Dal researcher has the bug
BIBLE HILL, N.S. – Paul Manning doesn’t think of insects as nuisances. The Dal AC researcher understands the benefits of having them around, and he’s doing what he can to make his property as insect-friendly as possible.
“If there weren’t insects in this world we wouldn’t be here,” he said. “Sometimes people see the value of certain insects, like bees and butterflies, but not others. They all play a role and are part of the wider ecosystem.”
Some insects, such as dung beetles, feed on feces, preventing it from building up.
“We’d be up to our necks in it if it weren’t for insects and other invertebrates,” said Manning.
This action also improves soil, making it more biologically active so that plants can deal with stress better, as well as reducing greenhouse gases.
Some insects help degrade rotting plant material and fungi, returning nutrients to the soil, and many feed on insects that are garden pests. Insects are also an important food source for birds and other animals.
“They’re important components of ecosystems and support human health and well-being, but we’re seeing a decline in biodiversity,” said Manning. “There have been big, big decreases in numbers in the last few years.”
The Big Bug Count, done through the Royal Society for the Protection of Birds (RSPB) indicates a global decline in abundance, biomass and diversity of insects. Causes include heat waves, habitat loss, pesticides and invasive species.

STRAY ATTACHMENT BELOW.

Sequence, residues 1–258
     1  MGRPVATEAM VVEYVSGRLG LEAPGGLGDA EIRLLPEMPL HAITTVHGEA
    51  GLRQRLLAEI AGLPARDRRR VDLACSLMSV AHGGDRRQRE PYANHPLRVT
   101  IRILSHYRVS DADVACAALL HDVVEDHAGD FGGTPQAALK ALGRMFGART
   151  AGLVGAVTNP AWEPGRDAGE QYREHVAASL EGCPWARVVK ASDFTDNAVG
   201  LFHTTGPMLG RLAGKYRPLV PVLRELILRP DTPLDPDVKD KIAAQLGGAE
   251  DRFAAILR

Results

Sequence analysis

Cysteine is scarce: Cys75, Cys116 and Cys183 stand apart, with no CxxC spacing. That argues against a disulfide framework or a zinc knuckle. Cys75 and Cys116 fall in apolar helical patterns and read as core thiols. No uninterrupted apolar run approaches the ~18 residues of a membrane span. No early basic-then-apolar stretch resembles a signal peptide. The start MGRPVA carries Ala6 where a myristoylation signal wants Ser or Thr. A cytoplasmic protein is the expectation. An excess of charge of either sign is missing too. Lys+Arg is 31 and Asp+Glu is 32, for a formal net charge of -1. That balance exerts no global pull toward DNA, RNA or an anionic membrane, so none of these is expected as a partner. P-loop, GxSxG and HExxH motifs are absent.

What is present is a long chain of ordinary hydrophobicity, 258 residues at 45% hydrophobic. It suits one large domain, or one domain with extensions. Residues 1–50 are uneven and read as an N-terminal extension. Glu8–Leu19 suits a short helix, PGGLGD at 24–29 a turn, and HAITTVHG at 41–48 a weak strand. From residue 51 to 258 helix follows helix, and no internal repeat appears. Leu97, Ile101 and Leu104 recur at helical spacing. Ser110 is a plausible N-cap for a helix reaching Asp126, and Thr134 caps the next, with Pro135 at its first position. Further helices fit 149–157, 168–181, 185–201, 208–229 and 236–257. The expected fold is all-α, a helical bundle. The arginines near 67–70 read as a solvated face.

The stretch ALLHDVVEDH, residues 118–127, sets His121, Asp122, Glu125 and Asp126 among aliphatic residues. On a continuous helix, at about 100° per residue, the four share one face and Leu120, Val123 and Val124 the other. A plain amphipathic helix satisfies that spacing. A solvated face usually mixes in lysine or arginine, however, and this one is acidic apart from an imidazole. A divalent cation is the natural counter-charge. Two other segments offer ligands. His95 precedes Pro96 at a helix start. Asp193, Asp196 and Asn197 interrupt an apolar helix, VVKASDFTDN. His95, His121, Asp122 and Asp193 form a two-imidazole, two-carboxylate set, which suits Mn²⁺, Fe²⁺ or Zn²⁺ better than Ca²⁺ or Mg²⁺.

“If you plant a seed that’s been treated with neonics (neonicotinoids), a slug can eat the plant but isn’t harmed,” said Manning. “A predator might then eat the slug and die.
“There’s a lot to conservation, but everything makes a difference.”
He suggests people avoid chemicals whenever possible and plant native flowers and clover, creating a diversity that will be hardier than grass lawns and exotic plants.
Paul Manning enjoys sharing information on the benefits of having insects around.
A harlequin ladybird rests on a leaf. While good for gardeners, these ladybirds contribute to the decline of many native ladybird beetle species.
A yellow dung fly rests on a tansy. Its larvae feed on animal dung and rotting vegetation, while adults feed on nectar, pollen, and smaller insects.
Weedy plants have value for insects. A monarch and a small solitary bee visit a volunteer aster.